Now if I’m wrong and it is your intention to deliberately alienate your natural allies, then I’ll go on minding my own business and allowing fools to fail. I just don’t see why you’d want to emulate this guy.

          5. There is a reason I (and pretty much everyone else) have consistently used the word “libertarian” rather than “Libertarian”. The Libertarian party gets to define the latter. It does not have the power to define the former in any way it wishes. In the end, the word “libertarians” is defined by the set of people that adopt it. In the same way that “liberal” does not mean, at least in an American context, “derived directly from the philosophy of John Locke” as it once did, “libertarian” does not necessarily mean what you want it to. I have been, and will continue, describing people that call themselves libertarians. Sorry if you don’t think that’s fair, but no one elected you Dictator of Vocabulary.

  4. And ’round we go. It’s ego-preservation 101: Racism in the GOP is “proof” that there is no GOP racism, because there has been Dem racism and therefore all allegations or critiques of racism in the GOP are in fact manifestations of Dem desires to deny their own racism.

    The fact that the equivalency ratios between the levels of implicit and explicit racism in either party are highly uneven (see SPLC list of hategroups and ideological identification; conservative comment threads), and would go a long way towards explaining current party preferences among minority groups, is apparently all just hocus pocus.

    The two truths that conservatives must grapple with are that A) conservatism isn’t necessarily about white supremacy, and B) conservatism is highly attractive to white supremacists. As far as I know, I’ve maybe once or twice in my life heard a conservative express an honest acknowledgement of this fact and the desire to dig into why this is. If every time an instance of racism comes up, and either the wagons are circled, or the individual is cast out as a complete outlier who represents nothing about the movement, the GOP will continue to fail to understand a crucial weakness in its ideological position.

  5. The ignorant, ignorant Levy is uses the word “Confederista” when anyone with the barest familiarity with contemporary libertarianism knows that the proper term is “Yokeltarian.”

    And before you write off either side forever and all time, you should note that the pro-Iraq War libertarians were all “Cosmotarians” (although many COSMOs had more sense than that) while the Yokeltarians were uniformly against the Iraq War in 2003, before opposition was cool.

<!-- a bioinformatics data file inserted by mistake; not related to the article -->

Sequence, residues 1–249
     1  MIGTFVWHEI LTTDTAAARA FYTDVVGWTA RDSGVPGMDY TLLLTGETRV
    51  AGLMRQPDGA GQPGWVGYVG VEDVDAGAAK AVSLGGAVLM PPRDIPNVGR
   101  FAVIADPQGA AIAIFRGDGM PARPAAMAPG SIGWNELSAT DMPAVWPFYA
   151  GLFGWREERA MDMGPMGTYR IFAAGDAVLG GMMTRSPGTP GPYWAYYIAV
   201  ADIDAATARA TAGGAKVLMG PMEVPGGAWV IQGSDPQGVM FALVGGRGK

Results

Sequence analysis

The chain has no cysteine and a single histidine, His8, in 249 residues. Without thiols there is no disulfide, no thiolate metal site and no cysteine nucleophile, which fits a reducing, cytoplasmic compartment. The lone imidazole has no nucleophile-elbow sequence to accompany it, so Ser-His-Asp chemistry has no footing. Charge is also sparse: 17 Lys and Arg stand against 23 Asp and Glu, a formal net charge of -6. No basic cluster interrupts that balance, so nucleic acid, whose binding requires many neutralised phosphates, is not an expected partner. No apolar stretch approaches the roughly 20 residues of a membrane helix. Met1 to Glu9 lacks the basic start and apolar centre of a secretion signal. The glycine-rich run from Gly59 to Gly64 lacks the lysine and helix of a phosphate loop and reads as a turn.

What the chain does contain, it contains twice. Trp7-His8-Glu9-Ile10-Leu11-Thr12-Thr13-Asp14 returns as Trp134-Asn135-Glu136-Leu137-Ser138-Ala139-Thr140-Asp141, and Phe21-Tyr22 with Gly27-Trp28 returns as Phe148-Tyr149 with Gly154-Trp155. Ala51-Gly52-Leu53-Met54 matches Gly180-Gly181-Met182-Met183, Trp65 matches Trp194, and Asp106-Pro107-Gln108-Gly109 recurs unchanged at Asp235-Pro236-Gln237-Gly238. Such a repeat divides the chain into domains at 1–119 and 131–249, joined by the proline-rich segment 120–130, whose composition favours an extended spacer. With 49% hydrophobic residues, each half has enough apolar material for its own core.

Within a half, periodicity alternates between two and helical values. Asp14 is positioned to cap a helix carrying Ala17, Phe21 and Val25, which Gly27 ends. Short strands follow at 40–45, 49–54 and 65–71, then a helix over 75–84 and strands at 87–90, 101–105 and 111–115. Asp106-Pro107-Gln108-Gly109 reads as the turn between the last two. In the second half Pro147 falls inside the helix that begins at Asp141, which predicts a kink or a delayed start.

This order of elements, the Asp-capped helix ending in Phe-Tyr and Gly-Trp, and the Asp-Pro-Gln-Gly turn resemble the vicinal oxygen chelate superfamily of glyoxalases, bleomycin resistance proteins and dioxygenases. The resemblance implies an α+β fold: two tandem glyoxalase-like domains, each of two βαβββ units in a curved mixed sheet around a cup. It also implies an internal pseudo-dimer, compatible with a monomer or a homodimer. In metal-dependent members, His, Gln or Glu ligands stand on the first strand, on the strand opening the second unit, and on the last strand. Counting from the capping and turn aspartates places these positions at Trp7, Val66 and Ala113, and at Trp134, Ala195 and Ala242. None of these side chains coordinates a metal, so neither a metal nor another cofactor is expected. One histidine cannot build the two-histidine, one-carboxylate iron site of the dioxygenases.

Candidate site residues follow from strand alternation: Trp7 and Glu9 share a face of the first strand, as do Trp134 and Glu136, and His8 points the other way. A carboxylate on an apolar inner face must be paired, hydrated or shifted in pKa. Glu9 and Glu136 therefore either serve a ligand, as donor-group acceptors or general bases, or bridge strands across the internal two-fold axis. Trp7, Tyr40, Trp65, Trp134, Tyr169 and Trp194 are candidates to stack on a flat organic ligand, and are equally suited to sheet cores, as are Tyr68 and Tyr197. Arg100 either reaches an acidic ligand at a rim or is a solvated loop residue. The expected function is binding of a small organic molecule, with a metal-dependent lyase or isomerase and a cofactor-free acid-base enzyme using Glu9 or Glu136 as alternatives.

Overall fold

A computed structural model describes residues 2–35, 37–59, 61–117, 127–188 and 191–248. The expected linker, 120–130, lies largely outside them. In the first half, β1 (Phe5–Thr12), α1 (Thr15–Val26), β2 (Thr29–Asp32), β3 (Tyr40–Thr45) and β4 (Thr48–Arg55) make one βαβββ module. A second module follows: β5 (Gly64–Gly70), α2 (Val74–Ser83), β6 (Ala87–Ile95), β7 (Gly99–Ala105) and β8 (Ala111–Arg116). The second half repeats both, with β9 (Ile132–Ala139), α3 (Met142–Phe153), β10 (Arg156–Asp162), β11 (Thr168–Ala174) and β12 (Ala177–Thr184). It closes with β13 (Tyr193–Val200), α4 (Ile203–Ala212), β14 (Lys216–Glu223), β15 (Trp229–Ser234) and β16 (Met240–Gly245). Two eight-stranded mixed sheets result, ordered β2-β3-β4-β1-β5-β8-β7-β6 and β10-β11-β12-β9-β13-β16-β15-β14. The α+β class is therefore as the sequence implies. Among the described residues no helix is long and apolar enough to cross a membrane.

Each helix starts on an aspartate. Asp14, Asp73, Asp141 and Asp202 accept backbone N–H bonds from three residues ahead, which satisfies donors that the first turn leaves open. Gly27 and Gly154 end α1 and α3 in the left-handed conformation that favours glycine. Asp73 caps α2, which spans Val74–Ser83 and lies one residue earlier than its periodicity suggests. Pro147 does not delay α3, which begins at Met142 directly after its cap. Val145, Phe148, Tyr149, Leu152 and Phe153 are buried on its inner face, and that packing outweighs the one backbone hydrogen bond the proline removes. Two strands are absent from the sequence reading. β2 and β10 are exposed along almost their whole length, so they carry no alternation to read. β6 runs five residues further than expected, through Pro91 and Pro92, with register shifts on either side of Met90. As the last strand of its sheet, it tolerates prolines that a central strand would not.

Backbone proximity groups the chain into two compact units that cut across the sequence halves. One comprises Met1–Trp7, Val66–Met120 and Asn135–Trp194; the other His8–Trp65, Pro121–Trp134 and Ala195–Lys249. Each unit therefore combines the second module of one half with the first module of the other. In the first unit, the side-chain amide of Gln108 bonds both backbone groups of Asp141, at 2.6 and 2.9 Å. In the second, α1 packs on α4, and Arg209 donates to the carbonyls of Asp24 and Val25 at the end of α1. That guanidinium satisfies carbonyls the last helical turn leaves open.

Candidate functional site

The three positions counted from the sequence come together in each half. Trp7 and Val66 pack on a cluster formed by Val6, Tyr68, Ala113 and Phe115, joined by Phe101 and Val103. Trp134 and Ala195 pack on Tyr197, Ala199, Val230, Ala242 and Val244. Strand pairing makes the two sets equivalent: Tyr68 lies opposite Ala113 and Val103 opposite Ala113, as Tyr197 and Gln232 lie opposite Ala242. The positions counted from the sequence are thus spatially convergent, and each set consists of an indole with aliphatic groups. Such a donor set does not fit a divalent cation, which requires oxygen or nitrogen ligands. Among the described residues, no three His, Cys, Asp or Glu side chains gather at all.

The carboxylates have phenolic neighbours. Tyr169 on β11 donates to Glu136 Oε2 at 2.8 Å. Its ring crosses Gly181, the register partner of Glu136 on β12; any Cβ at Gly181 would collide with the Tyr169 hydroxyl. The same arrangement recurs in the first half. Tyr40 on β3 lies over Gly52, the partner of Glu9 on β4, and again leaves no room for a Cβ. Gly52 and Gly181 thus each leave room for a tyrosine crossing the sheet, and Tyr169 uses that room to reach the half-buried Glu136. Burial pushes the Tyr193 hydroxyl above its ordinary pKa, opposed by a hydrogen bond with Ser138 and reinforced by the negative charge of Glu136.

Yokeltarians continue to be more steadfastly and uniformly against war (e.g. Libya, Syria, Iran).

    1. Do you realize how utterly insane you sound, demanding that anyone concerned with the use of “libertarian” posturing in American political life must be thoroughly familiar with two obscure terms that, between them, have fewer than 3,500 Google hits? This is like the fierce enmities that could result within the British Left of the 60s if one were to refer to a Trotskyist as a Trotskyite, or vice versa, except that at least those terms were slightly better known, and at least that divisional squabble involved the feelings inspired by actual bloodshed.

      No-one cares about your yokeltarians, cosmotarians, voguetarians, muppetarians, or flibbertigibbetarians. People are about how “Libertarian” arguments and postures are used to affect significant pieces of legislation and significant numbers of voters here in the real world. I’m sure it’s possible to find isolated, pure, idealistic Libertarians, free of compromise and of taint. Maybe you’d be happier if we called them isolatedpureidealistictarians. HThe most famous “Libertarian” brand in the country is neck-deep in racism, and really there doesn’t seem to be much outrage about it.

      1. Dude, it was a joke. Levy is a very, very well-respected tenured political theorist. I find the word “Yokeltarian” inherently funny. YMMV.

  6. The strength of organized labor has always been weak in the South for reasons that date back to the days when John C. Calhoun stood on the floor of the Senate and said “There is and always has been in an advanced stage of wealth and civilization, a conflict between labor and capital. The condition of society in the South exempts us from the disorders and dangers resulting from this conflict; and which explains why it is that the political condition of the slaveholding States has been so much more stable and quiet than that of the North. The advantages of the former in this respect will become more and more manifest if left undisturbed by interference from without…”

    A cheap and docile labor force was preserved after emancipation, and remains prized in the South to this day. Blocking Obama’s nominees to the NLRB is not something that just arose in response to partisan politics. Insofar as libertarianism is hostile to labor unions, it carries forward a tradition in which it can find common ground with neo-Confederates.

    It is enough to make you feel snarky.